Predicting: The Little Mouse, the Red Ripe Strawberry, and the Big Hungry Bear
Grade Levels: K - 2
This lesson is designed to introduce predicting as a reading strategy to primary students using the book, The Little Mouse, the Red Ripe Strawberry, and the Big Hungry Bear by Don and Audrey Wood. In this lesson, students make and refine predictions. This lesson is the first of a set of predicting lessons designed for primary grades.
Predicting is an early primary skill that students should be introduced to early in the year. Students should have some experience making guesses and making predictions about events that are not story-related. As students develop their skills of making predictions, they will learn to modify or change their predictions, based on information from the text.
The Little Mouse, the Red Ripe Strawberry, and the Big Hungry Bear, by Don and Audrey Wood
At least one fresh strawberry per student placed in a paper bag
One strawberry on a plate
Engage students with this activity before making predictions about the book you will read. Activate prior knowledge and engage students by placing the closed paper bag with the strawberries in a central location. On the chalkboard write the word "prediction". Say, "I wonder what might be in this bag." Guide students as they make a prediction about what might be in the paper bag and upon what information they are basing that prediction. Once you have gathered student responses, open the bag, peer inside, and tell students that the item inside is red. Revise their predictions as needed emphasizing that you have more information to use now. Tear open the paper bag and make final revisions to the predictions emphasizing that the prediction changed based on the information you gathered. State that this process is the same when you read a book. Your predictions change based on the information you gather as you read.
Ask students what the strawberries might have to do with the story you are going to read. Accept any reasonable answers and if needed provide the information that a strawberry is a sweet tasting fruit that people as well as animals eat.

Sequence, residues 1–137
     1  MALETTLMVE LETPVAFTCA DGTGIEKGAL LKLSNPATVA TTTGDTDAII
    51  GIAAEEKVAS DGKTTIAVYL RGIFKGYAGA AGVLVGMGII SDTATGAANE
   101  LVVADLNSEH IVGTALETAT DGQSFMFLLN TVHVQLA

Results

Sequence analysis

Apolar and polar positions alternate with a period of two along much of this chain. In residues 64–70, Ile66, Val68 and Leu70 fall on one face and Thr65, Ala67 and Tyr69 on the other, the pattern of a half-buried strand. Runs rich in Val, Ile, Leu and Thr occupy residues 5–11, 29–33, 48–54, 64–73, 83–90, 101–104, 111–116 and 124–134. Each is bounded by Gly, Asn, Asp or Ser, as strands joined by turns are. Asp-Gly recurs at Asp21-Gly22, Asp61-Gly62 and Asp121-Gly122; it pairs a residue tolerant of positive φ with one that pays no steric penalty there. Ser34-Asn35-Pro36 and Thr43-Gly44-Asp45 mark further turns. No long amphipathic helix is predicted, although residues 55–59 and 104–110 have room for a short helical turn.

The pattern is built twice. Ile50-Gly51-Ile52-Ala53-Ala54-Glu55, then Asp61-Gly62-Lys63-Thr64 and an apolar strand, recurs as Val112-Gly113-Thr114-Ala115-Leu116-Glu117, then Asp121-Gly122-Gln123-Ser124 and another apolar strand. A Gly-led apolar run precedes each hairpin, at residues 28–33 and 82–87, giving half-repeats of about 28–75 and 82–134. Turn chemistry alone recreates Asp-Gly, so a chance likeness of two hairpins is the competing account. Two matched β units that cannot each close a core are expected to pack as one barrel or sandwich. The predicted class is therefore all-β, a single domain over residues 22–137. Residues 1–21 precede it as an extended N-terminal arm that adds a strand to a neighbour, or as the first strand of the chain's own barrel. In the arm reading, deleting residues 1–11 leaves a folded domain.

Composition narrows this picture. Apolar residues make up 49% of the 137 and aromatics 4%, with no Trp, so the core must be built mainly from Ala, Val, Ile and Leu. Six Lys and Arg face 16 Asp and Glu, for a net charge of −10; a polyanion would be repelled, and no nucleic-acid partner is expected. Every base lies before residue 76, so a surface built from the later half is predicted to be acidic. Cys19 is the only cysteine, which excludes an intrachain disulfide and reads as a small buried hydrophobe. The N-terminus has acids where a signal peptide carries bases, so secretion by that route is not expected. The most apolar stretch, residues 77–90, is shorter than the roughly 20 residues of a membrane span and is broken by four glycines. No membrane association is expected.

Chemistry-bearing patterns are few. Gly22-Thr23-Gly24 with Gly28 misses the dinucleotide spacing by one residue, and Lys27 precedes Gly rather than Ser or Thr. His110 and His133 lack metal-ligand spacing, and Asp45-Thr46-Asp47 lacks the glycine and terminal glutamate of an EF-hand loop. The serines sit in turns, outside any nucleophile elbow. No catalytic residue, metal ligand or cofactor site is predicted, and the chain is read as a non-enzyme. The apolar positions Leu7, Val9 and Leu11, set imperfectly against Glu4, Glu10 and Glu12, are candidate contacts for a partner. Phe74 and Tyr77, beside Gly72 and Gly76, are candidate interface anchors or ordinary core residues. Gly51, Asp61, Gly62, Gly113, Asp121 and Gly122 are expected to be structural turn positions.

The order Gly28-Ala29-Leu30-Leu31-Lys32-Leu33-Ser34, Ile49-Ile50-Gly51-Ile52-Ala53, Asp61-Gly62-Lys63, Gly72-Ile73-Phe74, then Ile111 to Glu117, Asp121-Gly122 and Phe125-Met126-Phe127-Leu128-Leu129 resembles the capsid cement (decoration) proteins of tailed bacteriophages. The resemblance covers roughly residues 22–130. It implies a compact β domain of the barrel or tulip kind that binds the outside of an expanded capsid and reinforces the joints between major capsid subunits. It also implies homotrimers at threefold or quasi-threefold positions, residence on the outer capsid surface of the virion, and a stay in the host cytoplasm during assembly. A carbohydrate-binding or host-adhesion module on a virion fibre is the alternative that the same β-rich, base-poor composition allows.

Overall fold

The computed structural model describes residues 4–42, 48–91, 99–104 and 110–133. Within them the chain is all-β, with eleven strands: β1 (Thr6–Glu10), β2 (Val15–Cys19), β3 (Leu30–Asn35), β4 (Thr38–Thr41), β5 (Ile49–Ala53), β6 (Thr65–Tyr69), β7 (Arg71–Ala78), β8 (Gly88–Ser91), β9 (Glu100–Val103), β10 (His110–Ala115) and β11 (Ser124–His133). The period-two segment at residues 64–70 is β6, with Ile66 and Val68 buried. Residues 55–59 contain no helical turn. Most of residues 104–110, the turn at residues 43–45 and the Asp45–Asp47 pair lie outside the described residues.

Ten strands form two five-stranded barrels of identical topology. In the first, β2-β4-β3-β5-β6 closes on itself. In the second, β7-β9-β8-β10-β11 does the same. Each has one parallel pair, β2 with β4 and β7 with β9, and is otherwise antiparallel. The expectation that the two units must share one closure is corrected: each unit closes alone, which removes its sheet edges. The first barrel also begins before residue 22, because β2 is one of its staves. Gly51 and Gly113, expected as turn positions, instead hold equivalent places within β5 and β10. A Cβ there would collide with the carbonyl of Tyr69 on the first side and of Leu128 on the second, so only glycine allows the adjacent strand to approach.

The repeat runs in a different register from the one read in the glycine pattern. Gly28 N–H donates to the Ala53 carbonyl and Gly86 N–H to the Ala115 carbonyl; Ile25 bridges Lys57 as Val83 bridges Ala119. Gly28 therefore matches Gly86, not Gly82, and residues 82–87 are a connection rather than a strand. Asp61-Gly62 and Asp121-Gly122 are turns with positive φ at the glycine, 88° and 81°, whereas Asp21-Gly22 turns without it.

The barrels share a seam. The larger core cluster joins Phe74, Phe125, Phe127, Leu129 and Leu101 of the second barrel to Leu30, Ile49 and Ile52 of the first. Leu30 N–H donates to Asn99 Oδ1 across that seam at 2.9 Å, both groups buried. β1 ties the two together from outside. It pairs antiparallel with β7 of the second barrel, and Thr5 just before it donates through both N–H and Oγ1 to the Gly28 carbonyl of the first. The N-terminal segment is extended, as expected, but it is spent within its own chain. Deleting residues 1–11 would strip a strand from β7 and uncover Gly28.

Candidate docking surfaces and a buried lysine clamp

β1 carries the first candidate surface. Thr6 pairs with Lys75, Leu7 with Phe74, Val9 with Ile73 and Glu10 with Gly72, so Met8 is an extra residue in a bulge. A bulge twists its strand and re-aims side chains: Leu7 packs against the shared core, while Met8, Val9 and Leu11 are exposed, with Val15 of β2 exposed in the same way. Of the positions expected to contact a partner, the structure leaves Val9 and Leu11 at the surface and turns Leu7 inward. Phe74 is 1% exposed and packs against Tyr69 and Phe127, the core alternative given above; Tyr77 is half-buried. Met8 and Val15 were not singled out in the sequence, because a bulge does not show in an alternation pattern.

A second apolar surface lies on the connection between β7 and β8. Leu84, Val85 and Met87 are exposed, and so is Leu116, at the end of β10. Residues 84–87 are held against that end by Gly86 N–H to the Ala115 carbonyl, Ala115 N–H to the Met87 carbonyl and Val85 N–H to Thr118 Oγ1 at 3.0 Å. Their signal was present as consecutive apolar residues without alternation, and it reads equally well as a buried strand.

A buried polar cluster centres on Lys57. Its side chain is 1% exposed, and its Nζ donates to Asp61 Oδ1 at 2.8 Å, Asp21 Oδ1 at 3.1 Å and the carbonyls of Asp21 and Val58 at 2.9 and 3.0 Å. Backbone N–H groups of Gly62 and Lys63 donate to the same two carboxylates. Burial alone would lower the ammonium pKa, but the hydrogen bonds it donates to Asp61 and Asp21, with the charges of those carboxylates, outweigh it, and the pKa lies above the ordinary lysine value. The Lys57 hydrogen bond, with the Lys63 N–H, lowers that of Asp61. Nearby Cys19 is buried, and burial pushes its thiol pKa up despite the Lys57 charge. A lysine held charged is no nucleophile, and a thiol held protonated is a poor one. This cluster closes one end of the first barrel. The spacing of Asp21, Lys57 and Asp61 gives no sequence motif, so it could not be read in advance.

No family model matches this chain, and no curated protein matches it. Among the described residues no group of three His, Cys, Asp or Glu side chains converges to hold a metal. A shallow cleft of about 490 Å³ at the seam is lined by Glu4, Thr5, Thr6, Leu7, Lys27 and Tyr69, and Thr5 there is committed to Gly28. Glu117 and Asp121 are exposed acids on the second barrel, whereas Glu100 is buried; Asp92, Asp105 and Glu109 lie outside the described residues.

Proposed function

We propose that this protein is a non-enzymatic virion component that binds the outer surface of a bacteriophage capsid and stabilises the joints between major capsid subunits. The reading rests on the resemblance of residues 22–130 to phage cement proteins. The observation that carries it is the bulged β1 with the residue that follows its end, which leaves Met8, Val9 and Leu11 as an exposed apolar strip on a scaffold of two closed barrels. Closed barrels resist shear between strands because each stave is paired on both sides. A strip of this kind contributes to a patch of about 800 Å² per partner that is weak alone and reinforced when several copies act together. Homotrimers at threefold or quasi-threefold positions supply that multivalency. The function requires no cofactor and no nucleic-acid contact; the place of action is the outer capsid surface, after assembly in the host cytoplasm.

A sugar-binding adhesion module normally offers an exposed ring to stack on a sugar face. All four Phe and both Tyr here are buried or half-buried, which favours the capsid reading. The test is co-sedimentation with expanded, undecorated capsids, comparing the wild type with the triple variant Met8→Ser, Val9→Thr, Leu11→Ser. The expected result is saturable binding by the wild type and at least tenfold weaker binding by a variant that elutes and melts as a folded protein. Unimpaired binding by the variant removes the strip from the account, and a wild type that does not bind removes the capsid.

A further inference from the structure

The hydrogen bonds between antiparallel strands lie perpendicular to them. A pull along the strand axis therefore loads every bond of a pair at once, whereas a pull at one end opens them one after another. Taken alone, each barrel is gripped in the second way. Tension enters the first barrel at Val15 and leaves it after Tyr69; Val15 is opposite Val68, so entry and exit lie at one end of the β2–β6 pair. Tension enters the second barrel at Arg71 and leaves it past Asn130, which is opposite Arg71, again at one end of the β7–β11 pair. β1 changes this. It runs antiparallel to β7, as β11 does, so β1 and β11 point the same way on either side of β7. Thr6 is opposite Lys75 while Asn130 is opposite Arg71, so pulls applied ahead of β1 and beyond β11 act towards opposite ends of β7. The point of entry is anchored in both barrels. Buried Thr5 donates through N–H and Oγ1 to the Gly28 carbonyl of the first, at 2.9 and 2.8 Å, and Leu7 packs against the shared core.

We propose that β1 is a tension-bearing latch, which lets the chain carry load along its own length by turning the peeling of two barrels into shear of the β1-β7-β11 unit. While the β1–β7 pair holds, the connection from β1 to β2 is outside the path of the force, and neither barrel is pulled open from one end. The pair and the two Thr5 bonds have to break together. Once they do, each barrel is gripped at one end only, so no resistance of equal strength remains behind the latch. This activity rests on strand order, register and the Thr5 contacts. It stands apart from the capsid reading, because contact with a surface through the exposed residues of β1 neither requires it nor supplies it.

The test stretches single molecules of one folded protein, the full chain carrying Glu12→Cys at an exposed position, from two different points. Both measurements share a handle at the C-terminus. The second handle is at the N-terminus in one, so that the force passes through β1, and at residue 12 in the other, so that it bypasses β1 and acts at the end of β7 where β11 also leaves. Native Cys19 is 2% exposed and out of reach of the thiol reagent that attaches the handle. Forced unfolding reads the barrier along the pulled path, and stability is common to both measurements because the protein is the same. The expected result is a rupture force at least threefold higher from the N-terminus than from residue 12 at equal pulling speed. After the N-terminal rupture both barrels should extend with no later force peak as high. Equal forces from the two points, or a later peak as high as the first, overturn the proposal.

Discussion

Predicting: Using the pictures, the title, and what you already know to make guesses about a story before, during, and after reading.
Tell students they will be using a new reading strategy that calls for them to use prior knowledge to make predictions about the text and then read to prove or refine those predictions.
Mark the book with a sticky note at the following stopping points:
First stopping point: Cover
Second stopping point: Page reading "But, little Mouse, haven't you heard about the big hungry bear?"
Third stopping point: Page reading, "BOOM! BOOM! BOOM!" etc
Fourth stopping point: Page reading, "Quick! There's only one way in the whole wide world "etc
Fifth stopping point: End of the story
Model how a good reader makes predictions. Hold up the book The Little Mouse, the Red Ripe Strawberry, and the Big Hungry Bear by Don and Audrey Wood and show the cover to the class. Use the Think-aloud strategy to model the process of predicting before reading.
"I found this interesting book at the library and by looking at the cover and reading the title, The Little Mouse, the Red Ripe Strawberry, and the Big Hungry Bear, I am guessing or predicting the story will be about a mouse, a bear, and a strawberry. Maybe the mouse takes a strawberry from the hungry bear. When we use what we know to make a guess before we read it is called "predicting".
Read the story aloud to the second stopping point. Think-aloud while reading the book to students, modeling the process of predicting while reading.
"Hmmm... my prediction that the story would be about a mouse, a bear, and a strawberry was right, but I did not think that the mouse would be picking the strawberry near his house. I'll make a new prediction that the bear comes to the mouse's house to take the strawberry from based on what we read."
Read the story aloud to the third stopping point. Think-aloud, modeling how to refine predictions and make new predictions while reading.
"Hmmm... my prediction that the story would be about a mouse, a bear, and a strawberry was right, but I did not think that the mouse would be so scared. I'll make a new prediction that the mouse is too afraid to eat the strawberry and runs away based on what we read."